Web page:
Nurse Anesthesthetist Salary

With a median annual wage of $167,950, the average nurse anesthetist salary is the field's highest. The annual mean wage for CRNAs in the tenth earning percentile approaches $116,820, while those in the 90th percentile earn an annual mean wage of $208,000.

Top-Paying States for Nurse Anesthetists

  • Wyoming: $243,310
  • Montana: $239,380
  • Oregon: $234,750
  • Wisconsin: $233,600
  • California: $227,290

Source:, 2018

How to Become a Nurse Anesthetist

CRNAs must meet specific educational criteria and follow a detailed credentialing process to obtain certification. The first step to becoming a CRNA is earning a BSN. BSN-holders are eligible to take the NCLEX-RN exam and obtain their RN license before enrolling in an MSN program. After earning a master's degree, prospective CRNAs spend at least one year working in an intensive care unit before enrolling in an accredited nurse anesthesiology DNP program. Nursing students considering a CRNA career can explore distance learning opportunities that allow them to complete coursework online and clinical requirements in their local communities. CRNA hopefuls who satisfy the educational criteria may pursue their national nurse anesthesiology certification. To do so, applicants must pass the National Board of Certification and Recertification for Nurse Anesthetists' examination. Readers interested in learning how to become a nurse anesthetist can find more information on this page.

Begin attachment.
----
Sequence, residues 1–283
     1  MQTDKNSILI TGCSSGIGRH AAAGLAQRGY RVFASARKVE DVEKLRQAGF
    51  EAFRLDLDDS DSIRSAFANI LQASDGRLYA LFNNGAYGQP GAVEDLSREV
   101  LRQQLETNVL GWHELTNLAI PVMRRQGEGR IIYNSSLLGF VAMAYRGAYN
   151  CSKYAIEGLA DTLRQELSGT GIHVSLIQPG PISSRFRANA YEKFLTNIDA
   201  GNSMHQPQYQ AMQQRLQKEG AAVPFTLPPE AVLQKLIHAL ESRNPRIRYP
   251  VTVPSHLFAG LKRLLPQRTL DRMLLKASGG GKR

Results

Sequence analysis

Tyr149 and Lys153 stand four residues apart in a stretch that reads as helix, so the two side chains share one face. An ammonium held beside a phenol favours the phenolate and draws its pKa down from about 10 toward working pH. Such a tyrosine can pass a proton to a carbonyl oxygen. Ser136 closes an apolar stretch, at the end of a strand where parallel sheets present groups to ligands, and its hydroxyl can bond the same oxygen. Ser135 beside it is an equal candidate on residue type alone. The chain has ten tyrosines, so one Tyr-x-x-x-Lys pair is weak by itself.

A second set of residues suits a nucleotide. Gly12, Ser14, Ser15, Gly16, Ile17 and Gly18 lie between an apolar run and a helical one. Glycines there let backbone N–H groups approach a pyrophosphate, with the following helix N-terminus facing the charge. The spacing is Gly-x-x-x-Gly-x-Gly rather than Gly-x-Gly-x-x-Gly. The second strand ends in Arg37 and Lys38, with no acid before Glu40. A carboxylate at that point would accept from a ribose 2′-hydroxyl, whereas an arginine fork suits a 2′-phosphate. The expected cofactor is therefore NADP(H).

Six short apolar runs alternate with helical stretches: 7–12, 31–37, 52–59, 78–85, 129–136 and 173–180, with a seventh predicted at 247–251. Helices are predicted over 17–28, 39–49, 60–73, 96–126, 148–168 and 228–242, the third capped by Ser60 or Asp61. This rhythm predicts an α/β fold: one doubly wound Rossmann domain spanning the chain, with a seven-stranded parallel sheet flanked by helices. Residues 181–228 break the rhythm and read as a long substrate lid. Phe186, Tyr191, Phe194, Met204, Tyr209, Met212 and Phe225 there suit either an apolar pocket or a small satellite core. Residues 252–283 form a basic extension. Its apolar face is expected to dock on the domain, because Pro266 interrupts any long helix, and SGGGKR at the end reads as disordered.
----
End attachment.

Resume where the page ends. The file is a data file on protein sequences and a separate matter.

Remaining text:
Stephanie Grolemund> MSN, CRNA, ACNP
Stephanie Grolemund MSN, CRNA, ACNP, and President of The New York State Association of Nurse Anesthetists. Originally from Pennsylvania, Stephanie graduated from Edinboro University of Pennsylvania with a BSN in 1999. After 11 years of critical care nursing, she entered the University at Buffalo, The State University of New York's nurse anesthesia program, and graduated in December 2013 with an MSN in nurse anesthesia. Stephanie has been an active member of her state association since graduation, and became president of The New York State Association of Nurse Anesthetists in October 2019.

What drew you to pursuing a career as a nurse anesthetist?

After graduating with my BSN in 1999, I immediately started working in the intensive care unit (ICU) taking care of the sickest of sick patients. My primary focus was caring for patients post-operative of major heart surgeries, like coronary artery bypass, heart valve replacements, or aortic aneurysm repair, for example. I have also worked in major trauma, neurological, and medical-cardiac ICUs. Having 11 years of ICU nursing under my belt, the natural next step for me was pursuing a career in nurse anesthesia. In the SUNY at Buffalo's Nurse Anesthesia Program, I was able to apply all of my years of ICU experience, while learning principles of anesthesia. Combining scientific expertise with impassioned care was what drove me to become a nurse anesthetist.